Iain Dale presents the evening show on LBC Radio and is a commentator for CNN.
One of the most common questions I get asked at the moment is: “What’s going to happen next?” As if I know any better than anyone else.
My best guess is that events are going to lead to Article 50 being postponed/extended, which in turn could mean that Brexit never happens. When Conservative MPs weigh up how they are going to vote next Tuesday, one point ought to bear heavily on their minds. if they are Leave supporters. If you vote against the deal, you will be putting any form of Brexit at risk.
For if the Prime Minister’s deal doesn’t pass next week, or whenever it’s brought back afterwards, there seems to be little alternative other than for the Government to request an extension of Article 50, either in preparation for another referendum or some sort of other deal.
We saw the Remain establishment at work on Tuesday and Wednesday, and it’s perfectly clear that the Speaker will leave no stone unturned in helping Remainers in Parliament put every obstacle in the way of Brexit.
Whatever the trials and tribulations No Deal might offer up, these surely couldn’t be worse than this absolute clusterf**k of a parliamentary shambles that Number Ten and the Prime Minister have created.
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When you’ve had a court case hanging over you for three years, I can only imagine the relief you must feel to be cleared of the serious charges against you. Craig Mackinlay was cleared of election expenses fraud this week, in relation to the South Thanet by-election of and can now look to the future and put the case behind him.
However, the same cannot be said for Marion Little. I’ve known her for 35 years, and some of you reading this will have come across her in her role as an official at CCHQ.
She was convicted of two counts of intentionally encouraging or assisting an offence. Sentencing Marion, Mr Justice Edis had some harsh words for CCHQ, accusing it of “a culture of convenient self-deception” and “inadequate supervision” which allowed or encouraged Little to break the law. He said that “Mrs Little acted dishonestly by preparing [election] returns she knew were not completed nor accurate. She had presented papers to Mackinlay and his election agent, Nathan Gray, for signing, which “they did in good faith not knowing what she had done”. She had been “carried away by her conviction” that defeating Farage was an “overwhelmingly important political objective”. Marion was given a nine month suspended sentence and fined £5,000.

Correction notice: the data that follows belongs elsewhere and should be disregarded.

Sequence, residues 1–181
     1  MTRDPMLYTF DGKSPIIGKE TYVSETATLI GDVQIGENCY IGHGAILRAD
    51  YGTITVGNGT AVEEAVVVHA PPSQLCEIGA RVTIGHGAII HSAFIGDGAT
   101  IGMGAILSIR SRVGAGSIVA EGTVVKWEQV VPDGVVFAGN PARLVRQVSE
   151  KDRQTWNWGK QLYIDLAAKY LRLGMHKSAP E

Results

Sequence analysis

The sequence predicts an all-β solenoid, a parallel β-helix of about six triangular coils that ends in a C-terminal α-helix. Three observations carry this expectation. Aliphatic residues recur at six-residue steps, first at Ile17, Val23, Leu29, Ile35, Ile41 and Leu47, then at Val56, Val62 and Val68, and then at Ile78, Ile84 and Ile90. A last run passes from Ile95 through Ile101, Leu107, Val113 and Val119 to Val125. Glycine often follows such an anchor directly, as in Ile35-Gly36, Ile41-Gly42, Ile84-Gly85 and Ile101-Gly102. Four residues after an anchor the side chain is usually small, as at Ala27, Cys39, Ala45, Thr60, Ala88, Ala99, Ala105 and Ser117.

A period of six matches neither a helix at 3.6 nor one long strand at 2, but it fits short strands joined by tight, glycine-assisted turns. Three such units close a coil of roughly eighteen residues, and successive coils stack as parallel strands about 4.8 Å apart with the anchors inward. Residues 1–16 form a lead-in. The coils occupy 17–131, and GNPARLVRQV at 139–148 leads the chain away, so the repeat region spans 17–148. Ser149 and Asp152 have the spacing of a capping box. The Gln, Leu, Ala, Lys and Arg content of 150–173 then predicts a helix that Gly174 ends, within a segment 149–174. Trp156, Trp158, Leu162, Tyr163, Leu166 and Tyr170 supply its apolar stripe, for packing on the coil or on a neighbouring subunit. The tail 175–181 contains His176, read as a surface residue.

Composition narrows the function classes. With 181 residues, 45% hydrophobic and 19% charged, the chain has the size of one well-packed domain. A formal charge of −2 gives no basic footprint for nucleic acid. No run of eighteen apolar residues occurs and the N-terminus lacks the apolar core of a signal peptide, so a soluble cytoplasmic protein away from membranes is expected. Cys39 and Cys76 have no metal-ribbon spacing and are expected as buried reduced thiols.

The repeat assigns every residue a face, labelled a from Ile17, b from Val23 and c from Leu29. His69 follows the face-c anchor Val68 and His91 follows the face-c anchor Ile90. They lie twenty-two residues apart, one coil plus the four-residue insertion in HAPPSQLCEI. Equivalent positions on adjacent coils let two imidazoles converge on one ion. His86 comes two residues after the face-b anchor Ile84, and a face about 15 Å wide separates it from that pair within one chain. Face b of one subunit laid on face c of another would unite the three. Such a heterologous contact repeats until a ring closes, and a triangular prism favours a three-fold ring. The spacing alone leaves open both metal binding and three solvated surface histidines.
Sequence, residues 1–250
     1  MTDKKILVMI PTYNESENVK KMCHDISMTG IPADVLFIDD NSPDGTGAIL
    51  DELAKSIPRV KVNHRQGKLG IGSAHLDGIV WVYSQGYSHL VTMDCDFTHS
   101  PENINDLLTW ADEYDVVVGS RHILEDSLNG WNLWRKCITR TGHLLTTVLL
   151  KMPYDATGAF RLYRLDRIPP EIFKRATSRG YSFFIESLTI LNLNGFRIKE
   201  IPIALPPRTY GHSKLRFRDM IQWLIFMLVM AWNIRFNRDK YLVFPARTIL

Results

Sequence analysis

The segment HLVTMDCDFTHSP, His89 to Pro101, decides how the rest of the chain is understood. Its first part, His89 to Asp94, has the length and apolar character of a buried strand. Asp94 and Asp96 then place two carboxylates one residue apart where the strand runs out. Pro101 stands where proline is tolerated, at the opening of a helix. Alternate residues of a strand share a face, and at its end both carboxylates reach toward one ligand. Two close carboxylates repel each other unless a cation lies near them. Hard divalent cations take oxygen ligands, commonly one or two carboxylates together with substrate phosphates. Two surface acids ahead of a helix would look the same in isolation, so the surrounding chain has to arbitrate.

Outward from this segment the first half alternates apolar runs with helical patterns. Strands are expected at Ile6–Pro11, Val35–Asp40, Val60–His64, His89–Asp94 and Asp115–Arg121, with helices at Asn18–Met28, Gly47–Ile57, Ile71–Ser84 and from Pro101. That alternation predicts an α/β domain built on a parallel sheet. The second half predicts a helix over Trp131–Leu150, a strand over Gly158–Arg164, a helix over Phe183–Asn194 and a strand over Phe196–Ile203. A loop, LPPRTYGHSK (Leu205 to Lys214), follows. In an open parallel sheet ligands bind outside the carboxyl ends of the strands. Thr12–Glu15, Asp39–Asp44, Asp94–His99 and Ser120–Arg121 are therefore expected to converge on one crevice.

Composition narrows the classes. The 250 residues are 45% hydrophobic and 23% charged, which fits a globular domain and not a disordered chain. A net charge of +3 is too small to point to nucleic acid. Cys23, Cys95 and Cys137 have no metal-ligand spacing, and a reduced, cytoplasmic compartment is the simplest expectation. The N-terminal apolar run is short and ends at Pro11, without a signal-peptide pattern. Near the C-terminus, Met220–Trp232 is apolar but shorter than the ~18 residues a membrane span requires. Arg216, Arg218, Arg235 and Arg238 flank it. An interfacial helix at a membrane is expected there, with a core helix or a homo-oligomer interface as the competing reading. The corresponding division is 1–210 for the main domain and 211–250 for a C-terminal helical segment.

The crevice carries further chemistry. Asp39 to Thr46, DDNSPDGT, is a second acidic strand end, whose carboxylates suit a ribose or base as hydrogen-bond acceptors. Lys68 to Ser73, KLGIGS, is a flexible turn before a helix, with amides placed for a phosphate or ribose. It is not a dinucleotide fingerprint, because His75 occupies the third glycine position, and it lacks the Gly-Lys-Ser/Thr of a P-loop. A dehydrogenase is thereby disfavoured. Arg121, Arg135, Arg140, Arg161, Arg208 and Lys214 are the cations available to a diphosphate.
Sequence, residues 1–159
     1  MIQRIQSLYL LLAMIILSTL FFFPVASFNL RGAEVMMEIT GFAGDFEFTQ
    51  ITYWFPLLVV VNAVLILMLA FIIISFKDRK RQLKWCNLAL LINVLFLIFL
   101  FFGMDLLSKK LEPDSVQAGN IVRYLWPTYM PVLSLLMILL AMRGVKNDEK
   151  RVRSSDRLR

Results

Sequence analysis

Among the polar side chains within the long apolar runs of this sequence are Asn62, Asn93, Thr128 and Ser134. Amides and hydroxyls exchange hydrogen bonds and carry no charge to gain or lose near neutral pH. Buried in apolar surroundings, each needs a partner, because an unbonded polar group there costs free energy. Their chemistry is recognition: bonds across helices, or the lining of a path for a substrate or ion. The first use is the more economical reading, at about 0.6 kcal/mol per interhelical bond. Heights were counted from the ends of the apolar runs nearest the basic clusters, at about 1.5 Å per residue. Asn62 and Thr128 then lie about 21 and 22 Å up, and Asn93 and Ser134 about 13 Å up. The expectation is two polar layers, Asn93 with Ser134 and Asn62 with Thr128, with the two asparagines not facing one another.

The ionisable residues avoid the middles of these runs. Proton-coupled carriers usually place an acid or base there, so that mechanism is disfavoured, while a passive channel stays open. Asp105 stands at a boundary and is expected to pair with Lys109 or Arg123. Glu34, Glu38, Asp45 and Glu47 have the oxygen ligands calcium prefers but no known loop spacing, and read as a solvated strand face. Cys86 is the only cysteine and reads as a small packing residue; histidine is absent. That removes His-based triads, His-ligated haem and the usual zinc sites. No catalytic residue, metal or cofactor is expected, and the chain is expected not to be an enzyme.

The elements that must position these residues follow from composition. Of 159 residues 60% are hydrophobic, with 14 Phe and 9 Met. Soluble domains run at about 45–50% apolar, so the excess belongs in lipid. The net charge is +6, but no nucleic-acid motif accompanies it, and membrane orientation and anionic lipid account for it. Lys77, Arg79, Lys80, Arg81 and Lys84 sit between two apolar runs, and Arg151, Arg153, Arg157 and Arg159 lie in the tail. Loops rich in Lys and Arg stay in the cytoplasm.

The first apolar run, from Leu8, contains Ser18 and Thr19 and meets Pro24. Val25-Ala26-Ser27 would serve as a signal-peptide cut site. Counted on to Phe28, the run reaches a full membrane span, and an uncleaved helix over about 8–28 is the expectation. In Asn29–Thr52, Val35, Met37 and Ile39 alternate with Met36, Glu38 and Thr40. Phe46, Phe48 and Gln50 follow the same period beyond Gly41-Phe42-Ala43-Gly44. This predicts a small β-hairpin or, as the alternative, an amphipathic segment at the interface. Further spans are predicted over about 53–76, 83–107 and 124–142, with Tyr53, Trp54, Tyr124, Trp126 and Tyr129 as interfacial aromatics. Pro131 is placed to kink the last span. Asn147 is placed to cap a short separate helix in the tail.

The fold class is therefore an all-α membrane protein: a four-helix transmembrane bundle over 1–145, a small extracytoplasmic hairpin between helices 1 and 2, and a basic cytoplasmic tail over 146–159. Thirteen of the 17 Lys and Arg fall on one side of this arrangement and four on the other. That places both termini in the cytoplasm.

She will be devastated by this verdict. Whatever the rights and wrongs of what happened, she is a professional party agent who has given nearly 40 years’ service to the party and is respected by all who she’s worked with. It is not for me to question the decision of the jury, but anyone who has had to fill in election returns knows how difficult it can be and, in that particular election, we all know the pressures people were under from above.
So in these circumstances I hope the party rallies round Marion, and offers her any support that she needs. It’s yet another example of someone down the food chain copping it for the sins of others. Perhaps she should have offered greater resistance to the instructions from above, and perhaps she should have spotted the dangers better but, whatever the truth of it, many party agents from all parties will be looking at this and thinking: “there but for the grace of God, go I”.
Let’s face it, the reason this kind of case hardly ever gets to court is because there is an unspoken conspiracy between the three parties to never complain about each other’s expenses. By and large, election expense returns are based not on fact, but are a work of fiction. The spending limits are so ridiculous that agents have to be incredibly creative in order to file a return that comes in a few pounds below the limit. They don’t actually lie – but the ‘notional’ expenses which you have to list often bear little relation to the real amount a campaign actually spends.
So when cases like this come to court, it’s often because they are brought by candidates outside the pseudo-cartel of the three main parties. It’s time for a wholesale reform of election law and, in particular, election expenses rules and limits. If the Electoral Commission had been doing its job properly, this would have been done years ago.
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I decided not to shave over Christmas and, much to my own surprise, opted not to remove the beard when it came to going to back to work. I’ve never been a great fan of beards and am still not convinced I will keep it, but we’ll see.
Who was it who said: “Vanity, vanity, all is vanity”? Well, if that’s the case I probably won’t keep it for very long. I’ve always thought grey beards on middle-aged men look slightly creepy, and even though I keep being reassured that I don’t look creepy, I’m not so sure. Maybe I did anyway!